by Gretta Keene from her forthcoming book, A Practical Guide to Being Human, with illustrations by Bill Murray
That morning, land was far away and the water, deep. Wind was whipping up peaks as ominous dark swallowed pale sky. Thunder rumbled. Guiding my slim, spring-green kayak into the four-foot waves of Lake Champlain reminded me of days as a young teen diving into hurricane surf. Scary? Yes, but doable. I was brave. Bill was up ahead in his red kayak. His curly, white mane streamed out from under his floppy hat. We had spent the night camping on an island. Other campers had warned us of the approaching storm and told tales of the treacherous lake. But we had stayed, and now we had to get back. We had no choice. We couldn’t be late for my elder daughter’s engagement party. Better to face an actual storm rather than an emotional one.
The week before, I dubbed my gleaming, newly purchased kayak, “Greenie.” Humans turn objects into symbols by naming them and connecting them to an idea or an object that had symbolic weight in the past. “Greenie” was a subtle reference to “Bluebird,” my childhood bike, vehicle to freedom and adventure. Kayaking was a recent passion, a symbolic “yes!” to feeling strong and capable, choosing to seize life rather than retreat into the limitations of sickness and old age. Bill and I are not ancient humans but since the amount of years we can possibly live is less than the years that are behind us, we are not exactly “middle-aged” humans. We are experienced humans. That day, we were not experienced kayakers.
As a therapist I often use the metaphor of “heading into the waves” as a way to encourage my clients to go towards what is painful and consider other interpretations and responses rather than react with one of The Big Three, deeply embedded defenses: Fight, Flight or Freeze. I know how to touch the tender, terrifying places, how to dive into the high waves of hurt and trauma. I understand the healing that happens when those emotional waves are faced. Unfortunately, confronting high waves was the opposite of what I needed to do. Where we were headed on Lake Champlain was in the same direction the waves were headed, which meant I had to maneuver the seventy-pound piece of Kevlar so that the waves would first hit the side and then come from behind, surprising me with every lift. Every fiber in my being told me, “Not safe!”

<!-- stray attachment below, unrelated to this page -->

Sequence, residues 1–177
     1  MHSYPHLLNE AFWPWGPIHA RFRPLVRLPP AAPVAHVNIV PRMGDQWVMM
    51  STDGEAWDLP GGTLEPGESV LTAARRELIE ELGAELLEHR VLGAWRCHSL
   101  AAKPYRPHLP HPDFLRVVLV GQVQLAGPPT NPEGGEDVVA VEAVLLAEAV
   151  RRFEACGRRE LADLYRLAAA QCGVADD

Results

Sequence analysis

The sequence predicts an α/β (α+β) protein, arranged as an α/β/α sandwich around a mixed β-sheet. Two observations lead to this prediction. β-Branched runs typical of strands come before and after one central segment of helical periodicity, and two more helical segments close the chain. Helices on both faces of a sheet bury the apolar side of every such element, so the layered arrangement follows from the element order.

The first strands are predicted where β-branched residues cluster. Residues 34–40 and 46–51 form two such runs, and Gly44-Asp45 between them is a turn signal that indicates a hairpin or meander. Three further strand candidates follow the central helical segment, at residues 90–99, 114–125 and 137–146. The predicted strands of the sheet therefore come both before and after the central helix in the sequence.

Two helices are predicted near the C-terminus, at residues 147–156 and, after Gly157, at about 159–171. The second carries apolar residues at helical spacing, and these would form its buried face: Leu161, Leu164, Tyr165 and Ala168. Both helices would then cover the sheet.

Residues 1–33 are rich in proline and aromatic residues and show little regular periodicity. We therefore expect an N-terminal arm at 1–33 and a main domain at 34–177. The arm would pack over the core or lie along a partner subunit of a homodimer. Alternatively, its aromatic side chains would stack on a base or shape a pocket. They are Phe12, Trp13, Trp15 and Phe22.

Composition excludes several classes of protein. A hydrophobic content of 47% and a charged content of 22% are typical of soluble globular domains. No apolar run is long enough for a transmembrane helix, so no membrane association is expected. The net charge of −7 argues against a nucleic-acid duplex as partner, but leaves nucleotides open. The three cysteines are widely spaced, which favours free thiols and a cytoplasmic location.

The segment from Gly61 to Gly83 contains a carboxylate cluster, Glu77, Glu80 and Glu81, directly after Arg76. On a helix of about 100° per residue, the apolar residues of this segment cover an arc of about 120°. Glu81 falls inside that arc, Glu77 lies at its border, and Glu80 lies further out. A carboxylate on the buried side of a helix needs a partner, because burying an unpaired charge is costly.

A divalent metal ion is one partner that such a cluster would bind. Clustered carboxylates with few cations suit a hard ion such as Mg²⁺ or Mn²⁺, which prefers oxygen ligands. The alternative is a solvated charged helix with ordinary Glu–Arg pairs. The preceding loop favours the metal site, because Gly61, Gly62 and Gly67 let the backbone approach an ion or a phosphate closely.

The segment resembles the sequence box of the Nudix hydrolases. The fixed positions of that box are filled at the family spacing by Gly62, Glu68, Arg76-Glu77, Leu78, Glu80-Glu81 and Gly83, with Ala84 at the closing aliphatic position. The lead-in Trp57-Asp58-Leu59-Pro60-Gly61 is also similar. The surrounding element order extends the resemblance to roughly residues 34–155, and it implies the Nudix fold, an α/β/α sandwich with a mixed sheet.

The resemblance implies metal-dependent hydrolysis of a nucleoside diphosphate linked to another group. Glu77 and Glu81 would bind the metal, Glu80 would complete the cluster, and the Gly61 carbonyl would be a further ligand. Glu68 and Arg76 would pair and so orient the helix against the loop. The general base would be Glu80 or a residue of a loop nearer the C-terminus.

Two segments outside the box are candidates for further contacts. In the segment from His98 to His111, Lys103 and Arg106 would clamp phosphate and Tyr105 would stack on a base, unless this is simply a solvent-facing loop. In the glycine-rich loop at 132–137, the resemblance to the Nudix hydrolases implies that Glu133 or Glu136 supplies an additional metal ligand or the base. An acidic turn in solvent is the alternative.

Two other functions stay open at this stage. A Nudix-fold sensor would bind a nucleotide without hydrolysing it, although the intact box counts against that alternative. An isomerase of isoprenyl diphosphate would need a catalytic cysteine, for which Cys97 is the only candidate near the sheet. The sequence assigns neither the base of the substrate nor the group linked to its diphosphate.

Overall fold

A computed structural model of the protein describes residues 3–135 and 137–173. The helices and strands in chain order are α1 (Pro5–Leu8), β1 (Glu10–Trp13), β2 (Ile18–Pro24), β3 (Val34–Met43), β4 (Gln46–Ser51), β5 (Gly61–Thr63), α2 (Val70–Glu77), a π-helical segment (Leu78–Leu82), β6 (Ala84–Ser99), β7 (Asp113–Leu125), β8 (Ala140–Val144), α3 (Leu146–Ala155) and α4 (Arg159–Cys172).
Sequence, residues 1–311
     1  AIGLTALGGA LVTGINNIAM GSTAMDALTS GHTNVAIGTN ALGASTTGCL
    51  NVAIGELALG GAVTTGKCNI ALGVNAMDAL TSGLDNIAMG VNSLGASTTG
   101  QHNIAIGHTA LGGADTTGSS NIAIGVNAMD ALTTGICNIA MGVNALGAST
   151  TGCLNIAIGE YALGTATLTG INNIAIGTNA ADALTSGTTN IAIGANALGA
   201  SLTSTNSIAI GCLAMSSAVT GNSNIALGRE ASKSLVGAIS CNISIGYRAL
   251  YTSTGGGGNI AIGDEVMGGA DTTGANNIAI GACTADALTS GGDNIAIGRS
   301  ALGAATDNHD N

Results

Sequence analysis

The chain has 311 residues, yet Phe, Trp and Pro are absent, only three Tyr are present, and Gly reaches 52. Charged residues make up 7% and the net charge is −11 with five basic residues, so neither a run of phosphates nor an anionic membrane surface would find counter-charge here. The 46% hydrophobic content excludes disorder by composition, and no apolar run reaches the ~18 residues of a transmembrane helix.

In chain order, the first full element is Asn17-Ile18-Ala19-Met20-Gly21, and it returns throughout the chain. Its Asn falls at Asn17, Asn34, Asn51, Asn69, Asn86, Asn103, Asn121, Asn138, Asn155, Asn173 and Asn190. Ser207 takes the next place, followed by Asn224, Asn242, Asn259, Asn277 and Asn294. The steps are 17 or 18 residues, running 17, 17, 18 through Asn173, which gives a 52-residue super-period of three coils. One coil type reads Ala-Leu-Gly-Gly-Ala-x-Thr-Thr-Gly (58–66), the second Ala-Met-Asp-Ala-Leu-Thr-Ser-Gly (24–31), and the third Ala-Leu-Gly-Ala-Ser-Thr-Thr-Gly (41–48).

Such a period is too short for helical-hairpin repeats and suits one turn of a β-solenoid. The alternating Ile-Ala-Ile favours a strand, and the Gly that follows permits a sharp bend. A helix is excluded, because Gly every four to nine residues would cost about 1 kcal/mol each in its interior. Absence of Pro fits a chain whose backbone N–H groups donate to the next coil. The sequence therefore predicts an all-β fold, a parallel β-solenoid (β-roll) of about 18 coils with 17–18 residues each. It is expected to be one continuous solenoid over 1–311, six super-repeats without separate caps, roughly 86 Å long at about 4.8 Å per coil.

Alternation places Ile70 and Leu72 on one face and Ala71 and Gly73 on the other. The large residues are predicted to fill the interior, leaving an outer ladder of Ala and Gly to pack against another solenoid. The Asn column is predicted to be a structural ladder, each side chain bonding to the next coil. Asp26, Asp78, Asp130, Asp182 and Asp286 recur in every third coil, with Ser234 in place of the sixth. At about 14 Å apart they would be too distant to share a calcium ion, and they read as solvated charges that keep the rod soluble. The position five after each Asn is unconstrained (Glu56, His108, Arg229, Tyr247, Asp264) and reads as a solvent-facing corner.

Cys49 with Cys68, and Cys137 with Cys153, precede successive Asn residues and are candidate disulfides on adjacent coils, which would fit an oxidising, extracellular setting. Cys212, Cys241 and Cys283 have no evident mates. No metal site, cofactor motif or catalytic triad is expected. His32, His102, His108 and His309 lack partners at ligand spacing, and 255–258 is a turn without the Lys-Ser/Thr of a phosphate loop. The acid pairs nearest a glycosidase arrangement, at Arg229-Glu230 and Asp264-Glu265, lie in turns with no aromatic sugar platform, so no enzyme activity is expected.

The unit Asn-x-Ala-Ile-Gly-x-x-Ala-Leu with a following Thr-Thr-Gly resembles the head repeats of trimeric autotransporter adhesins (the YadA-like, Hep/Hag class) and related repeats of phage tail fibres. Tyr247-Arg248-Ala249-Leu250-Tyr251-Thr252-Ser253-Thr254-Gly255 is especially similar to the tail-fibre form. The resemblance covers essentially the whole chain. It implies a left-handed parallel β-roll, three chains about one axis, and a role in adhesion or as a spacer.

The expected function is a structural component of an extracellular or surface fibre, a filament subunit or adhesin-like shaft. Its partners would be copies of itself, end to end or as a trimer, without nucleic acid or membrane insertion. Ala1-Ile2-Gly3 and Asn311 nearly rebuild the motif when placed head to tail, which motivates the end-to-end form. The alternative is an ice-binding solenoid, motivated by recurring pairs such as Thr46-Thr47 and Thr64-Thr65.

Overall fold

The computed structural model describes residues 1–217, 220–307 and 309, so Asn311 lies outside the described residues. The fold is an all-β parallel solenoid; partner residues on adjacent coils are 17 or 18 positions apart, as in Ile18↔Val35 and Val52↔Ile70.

“You have to turn!” Bill yelled.
“I can’t!” I wailed. In the grip of fear I chose “flight,” avoiding what I didn’t want to face, and “freeze,” beginning to numb and shut down. All the paddling techniques I had learned in lessons seemed vanished from my brain. I was in what Bill and I refer to as an “activated state.”
My mind became flooded with images of all the terrible things that would happen if I turned my boat. I imagined waves whacking the back of my kayak, dumping me into the churning, deep, cold water. The headlines would read, “Grandma Capsizes in Kayak and Drowns!” The subhead would reveal, “Husband watches, unable to save her.” I envisioned Bill calling the kids, family and friends to tell them the tragic news. How awful to cause such a mess. My daughters would never forgive me.
“It was her own fault!” others would cluck. “Gretta was never athletic. Just like her crippled mother. She should have stuck with crocheting.” Images of my failure in childhood sports played like a cheesy TV-movie montage. My identity was still attached to the gawky girl who couldn’t catch or hit the ball, who no one wanted on their team. “How could I be so stupid as to think I could kayak in a big lake?” My body further stiffened in response to my inner, damning judgment.
Fear had pushed the alarm and activated my unhelpful beliefs about my athletic inadequacy. My defenses, those loyal, hyper-vigilant Bodyguards, seemed to shout in my brain. “Stay with what you know!” they yelled. “Keep the waves in front! Then you’ll be in control, safe.” A sneakier Bodyguard whispered, “Be helpless. Then you’ll get saved. Someone else will take care of you.”